A few years back, I subscribed to a number of free industry trade mags - Software Test&Performance among them. Of the lot, ST&P is probably the only one I'm going to renew.
Granted, it's a trade magazine, which means it is paid for by adverts, which means reader beware, but there is some good information in it, and each issue seems to have a little bit more for me to dig into. This month (Free PDF here) Scott Barber has a column on a company with a very different software strategy.
Where most companies poll and wine and dine the 'decision makers' with the purse-strings, this company actually interviewed and tried to understand the users of it's software, to try to build the best product - instead of the product that was easiest to sell. They actually paid the travel expenses for the user group, had an advisory board that actually mattered, and, according to Scott, built the best product they could.
While I was reading the article, I kept noticing the time-and-energy pains that the company took to "get it right." I kept asking myself "Who has the resource - time, people, staff, to do this kind of in-depth interviewing about a software product?"
I thought that it had to be Oracle, HP/Mercury, Microsoft, audacity, or another, similar company.
And, of course, it was Microsoft.
Why does this matter? Because this is a cultural shift in software strategy. The dominant strategy of the 1980's and 90's was one that I like to call the "checklist" strategy.
Under the checklist, company X compiles a list of features that their product offers vs. The competition. Then the Product Manager meets with the manager of software development and insists that company X "has" to have all of the features the company has, but company X does not.
Then the coders write code like heck for 6 months to a year. At this point, hopefully, the marketing or product manager can make the big grid.
You've seen the big grid - it's a collection of check-boxes. Company X has all of them. The competition has ... Some of them. The sales manager creates a glossy brochure that prominently features the big grid and goes and sells thousands of units.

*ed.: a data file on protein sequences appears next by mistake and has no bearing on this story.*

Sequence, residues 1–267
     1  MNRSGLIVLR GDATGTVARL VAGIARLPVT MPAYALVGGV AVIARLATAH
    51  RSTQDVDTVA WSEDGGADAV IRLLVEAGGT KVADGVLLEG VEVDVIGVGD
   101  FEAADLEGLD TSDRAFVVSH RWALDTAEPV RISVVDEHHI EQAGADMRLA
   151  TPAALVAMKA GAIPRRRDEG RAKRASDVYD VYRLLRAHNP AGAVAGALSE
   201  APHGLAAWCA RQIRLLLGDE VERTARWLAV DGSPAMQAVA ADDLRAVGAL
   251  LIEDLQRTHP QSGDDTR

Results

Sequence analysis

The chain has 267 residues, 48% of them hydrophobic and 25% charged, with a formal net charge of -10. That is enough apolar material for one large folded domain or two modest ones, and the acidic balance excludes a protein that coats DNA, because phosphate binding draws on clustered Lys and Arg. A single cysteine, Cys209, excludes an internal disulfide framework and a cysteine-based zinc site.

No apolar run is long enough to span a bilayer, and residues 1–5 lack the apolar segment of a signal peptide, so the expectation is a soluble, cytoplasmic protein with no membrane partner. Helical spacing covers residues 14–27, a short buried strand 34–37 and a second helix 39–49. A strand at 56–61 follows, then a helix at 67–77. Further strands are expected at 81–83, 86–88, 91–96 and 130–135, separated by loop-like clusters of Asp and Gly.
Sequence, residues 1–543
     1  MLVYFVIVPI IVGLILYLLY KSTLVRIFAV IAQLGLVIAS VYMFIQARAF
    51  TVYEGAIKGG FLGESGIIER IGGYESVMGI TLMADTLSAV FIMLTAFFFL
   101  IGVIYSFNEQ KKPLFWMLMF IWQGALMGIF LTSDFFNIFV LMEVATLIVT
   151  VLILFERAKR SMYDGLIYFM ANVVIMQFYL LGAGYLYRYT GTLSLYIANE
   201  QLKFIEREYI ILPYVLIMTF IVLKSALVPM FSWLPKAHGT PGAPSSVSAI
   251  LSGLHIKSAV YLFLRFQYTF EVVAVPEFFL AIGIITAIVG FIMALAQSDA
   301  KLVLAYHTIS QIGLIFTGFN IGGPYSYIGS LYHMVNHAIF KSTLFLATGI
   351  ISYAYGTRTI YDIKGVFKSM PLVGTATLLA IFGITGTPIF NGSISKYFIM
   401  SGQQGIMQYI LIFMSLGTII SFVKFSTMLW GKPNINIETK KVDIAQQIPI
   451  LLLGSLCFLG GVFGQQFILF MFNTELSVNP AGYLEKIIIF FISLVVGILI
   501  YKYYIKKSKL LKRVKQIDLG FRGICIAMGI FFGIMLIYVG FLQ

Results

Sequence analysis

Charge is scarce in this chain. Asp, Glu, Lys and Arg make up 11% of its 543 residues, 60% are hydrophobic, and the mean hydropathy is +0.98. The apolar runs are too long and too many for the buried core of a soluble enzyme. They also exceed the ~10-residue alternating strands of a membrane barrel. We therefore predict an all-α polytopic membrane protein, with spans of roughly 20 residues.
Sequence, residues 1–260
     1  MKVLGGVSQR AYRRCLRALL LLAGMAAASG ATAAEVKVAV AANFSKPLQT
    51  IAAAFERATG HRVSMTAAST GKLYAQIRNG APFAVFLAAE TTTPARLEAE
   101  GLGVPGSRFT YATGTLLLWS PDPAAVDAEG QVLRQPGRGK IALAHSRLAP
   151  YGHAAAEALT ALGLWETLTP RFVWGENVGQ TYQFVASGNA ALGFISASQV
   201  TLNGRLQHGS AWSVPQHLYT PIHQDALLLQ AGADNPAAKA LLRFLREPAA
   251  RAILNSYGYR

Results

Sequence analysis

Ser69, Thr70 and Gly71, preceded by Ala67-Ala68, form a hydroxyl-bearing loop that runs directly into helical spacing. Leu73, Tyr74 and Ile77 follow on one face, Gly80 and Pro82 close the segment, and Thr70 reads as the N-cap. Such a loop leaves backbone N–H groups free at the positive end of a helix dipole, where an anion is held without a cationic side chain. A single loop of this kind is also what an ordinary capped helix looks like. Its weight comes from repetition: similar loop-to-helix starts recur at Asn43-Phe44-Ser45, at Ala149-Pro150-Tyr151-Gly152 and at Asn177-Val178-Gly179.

The big grid is designed to make the product easy to sell - see how well it stacks up against the competition? The problem is that it does not indicate if the features where implemented well, if they are useful, or even helpful to the people that will buy the tool.
In fact, the "squeeze in as many features as you can" mentality almost guarantees that the features will be junk.
My perfect example is the cell phone: Remember in 1999, when every cell-phone was advertised as running java? Could your sales person even tell you what Java was any good for? Probably not, but he knew that you had to have it, even if you interface was 10x10 characters of ASCII text.
Today the big checklist is still in full swing with cell phones - witness text messaging, camera-phone, video-phone, or internet-phone. A very large percentage of the population just wants to use cell phones as, well, phones.
My argument is that the shift needs to go further - someone could actually make a big pile of cash by selling a cell phone that was actually easy to use as a phone.
This total shift? Another company in the Pacific Northwest is doing it, with another product, called the iPod. More about that tomorrow.
Schedule and Events
March 26-29, 2012, Software Test Professionals Conference, New Orleans
July, 14-15, 2012 - Test Coach Camp, San Jose, California
July, 16-18, 2012 - Conference for the Association for Software Testing (CAST 2012), San Jose, California
August 2012+ - At Liberty; available. Contact me by email: Matt.Heusser@gmail.com